Nudge: Improving Decisions about Health, Wealth, and Happiness, is a book describing how humans are often influenced by contextual variables which often lead to poor decision making. However, by structuring choices differently and changing these contextual elements, it is possible to “nudge” people towards making better decisions, those that they would choose themselves if we were completely rational creatures.
The authors state the purpose of their book quite eloquently on their website: “Decision makers do not make choices in a vacuum. They make them in an environment where many features, noticed and unnoticed, can influence their decisions. The person who creates that environment is, in our terminology, a choice architect. The goal of Nudge is to show how choice architecture can be used to help nudge people to make better choices (as judged by themselves) without forcing certain outcomes upon anyone, a philosophy we call libertarian paternalism. The tools highlighted are: defaults, expecting error, understanding mappings, giving feedback, structuring complex choices, and creating incentives” (http://nudges.org/
It’s kind of scary to think about how all the things that shouldn’t affect our decisions but do anyway. Defaults, for instance – A majority of the population says they would gladly donate their organs in the event of an untimely demise. Yet, the numbers of people who indicate their consent to donate organs on the back of their drivers license does not even come close to the numbers who claim they would donate. Why the discrepancy? Because here individuals have to opt in if they wish to donate… the default is to not. In other places where the default is to donate, the numbers who indicate they would not are far less. The examples go on and on – nearly every decision we make is influenced by the architecture of the choice. I definitely side with the authors that if we can use these tactics to nudge people towards making better decisions, why shouldn’t we?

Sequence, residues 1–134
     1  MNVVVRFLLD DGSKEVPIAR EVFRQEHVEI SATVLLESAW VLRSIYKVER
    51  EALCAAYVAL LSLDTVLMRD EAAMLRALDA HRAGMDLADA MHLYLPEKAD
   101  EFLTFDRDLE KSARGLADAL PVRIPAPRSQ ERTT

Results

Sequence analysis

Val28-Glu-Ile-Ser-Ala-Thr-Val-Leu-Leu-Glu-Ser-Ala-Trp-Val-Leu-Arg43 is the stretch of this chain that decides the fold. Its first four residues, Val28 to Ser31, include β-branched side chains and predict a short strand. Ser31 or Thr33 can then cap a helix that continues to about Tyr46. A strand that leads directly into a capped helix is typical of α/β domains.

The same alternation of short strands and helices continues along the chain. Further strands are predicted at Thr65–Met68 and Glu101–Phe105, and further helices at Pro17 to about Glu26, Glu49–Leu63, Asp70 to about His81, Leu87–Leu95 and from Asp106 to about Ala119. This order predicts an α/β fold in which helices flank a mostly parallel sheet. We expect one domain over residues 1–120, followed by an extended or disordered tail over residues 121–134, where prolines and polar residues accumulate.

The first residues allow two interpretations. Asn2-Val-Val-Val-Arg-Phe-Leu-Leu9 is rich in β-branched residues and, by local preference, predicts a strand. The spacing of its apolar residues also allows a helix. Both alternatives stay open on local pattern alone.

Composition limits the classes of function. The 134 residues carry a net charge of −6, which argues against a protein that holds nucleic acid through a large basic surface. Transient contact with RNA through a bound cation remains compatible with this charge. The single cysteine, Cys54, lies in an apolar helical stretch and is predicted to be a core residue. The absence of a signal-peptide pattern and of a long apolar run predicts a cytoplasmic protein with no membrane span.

While the topic of the book in itself is very interesting, I felt somewhat removed from this book, despite the very visible practical implications. I think part of it is just because at this point in my life, when I am riding home from school or work, I want to listen to something light that doesn’t require me to think (**cough – Tina Fey’s Bossypants—cough**) I think this book will be very helpful to come back to at a later date though. I definitely want to read up on good investing practices, because I am not at all well-versed in that area and I think I would be able to get more out of the sections on money after I am a bit more knowledgeable.
In conclusion, this book is definitely worth a read through, especially if you are looking for a book to “better yourself” by understanding the extraneous variables which unduly impact our decisions, and learning to consequently make better ones. However, I would recommend the text version and not the audio, because this narrator’s voice verged on monotone (to the point of being Kristen Stewart annoying) and he had a much harder time sustaining my attention than I’m sure reading it myself would have.